SIGN UP for our newsletter ✉️ :

Get the latest stories delivered straight to you

Labor's manufacturing fund hangs in balance

Labor's signature reconstruction fund runs the risk of being blocked in the upper house, with the Albanese government yet to secure the crucial votes it needs.

The $15 billion National Reconstruction Fund will provide finance for projects in key areas such as technology, transport and renewables to boost manufacturing in Australia.

Greens leader Adam Bandt said on Thursday an amendment to the legislation had been agreed to, which would prevent future governments from using the fund to invest in coal and gas projects, or log native forests.

Industry Minister Ed Husic said having the bill clear the lower house was a "good day" and remained confident it could clear the Senate.

"I'm proud of the support," he told parliament.

"This is something that is absolutely worth fighting for ... in the end, you had the bulk of this chamber say Australian manufacturing is worth backing."

But the decision to exclude logging from any funding has angered Tasmanian senators Jacqui Lambie and Tammy Tyrrell, who are both crossbenchers.

"Giving in to the Greens' demands is a smack in the face to Tasmanians," Senator Tyrrell said.

"The prime minister needs to come out and explain this about face."

Despite support from the Greens, the government will still need the backing of at least two crossbench senators for the bill to pass.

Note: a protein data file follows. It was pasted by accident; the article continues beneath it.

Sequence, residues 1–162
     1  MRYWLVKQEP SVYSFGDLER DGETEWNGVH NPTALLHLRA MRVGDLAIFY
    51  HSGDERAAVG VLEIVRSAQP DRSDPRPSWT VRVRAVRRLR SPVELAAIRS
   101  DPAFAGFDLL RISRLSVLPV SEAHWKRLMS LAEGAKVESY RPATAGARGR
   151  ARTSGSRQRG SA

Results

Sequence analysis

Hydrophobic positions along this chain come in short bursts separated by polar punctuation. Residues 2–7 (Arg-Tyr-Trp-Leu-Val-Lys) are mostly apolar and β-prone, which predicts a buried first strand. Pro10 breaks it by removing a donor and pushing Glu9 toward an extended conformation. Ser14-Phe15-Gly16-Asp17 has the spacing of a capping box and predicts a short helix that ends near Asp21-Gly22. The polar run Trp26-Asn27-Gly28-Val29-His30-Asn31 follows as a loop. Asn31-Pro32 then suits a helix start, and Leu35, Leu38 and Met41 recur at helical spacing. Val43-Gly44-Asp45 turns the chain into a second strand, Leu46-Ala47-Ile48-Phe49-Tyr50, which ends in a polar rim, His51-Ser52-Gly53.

Independent senator Lidia Thorpe, who quit the Greens, said she was still in negotiations with the government over the bill.

"There is no free, prior and informed consent for any new coal and gas projects and I question the consent from Traditional Owners on existing coal and gas projects," she told AAP.

"Destruction of country goes hand in hand with the destruction of our people."

The government had argued in the past the fund was not being set up to back coal and gas projects, but now it will be explicitly set out in the legislation.

The deal will create a class of "prohibited investments" within the legislation including financing the extraction of coal and gas, the construction of gas pipelines and the logging of native forests.

Mr Bandt said the amendment would ensure the election promise "does not turn into a slush fund for new coal and gas".

During a press conference, Mr Husic maintained the fund was never about coal and gas projects, but to invest in manufacturing capability.

He said the government was keen to work with the crossbench, and Labor was happy to provide them with the reassurance they wanted.

The coalition has vowed to abolish the fund if they win government at the next election.

Deputy Liberal leader Sussan Ley described the legislation as "bad" and said gas was critical for the transition to clean energy.

"We will fight Labor's recklessness all the way to the Senate, then to the election, and beyond," she said.

Australian Forest Products Association chief executive Joel Fitzgibbon said the deal was a "shameful victory for politics over sensible policy".

"Australian industry and Australian jobs should never be used as a Senate bargaining-chip," the former Labor minister said.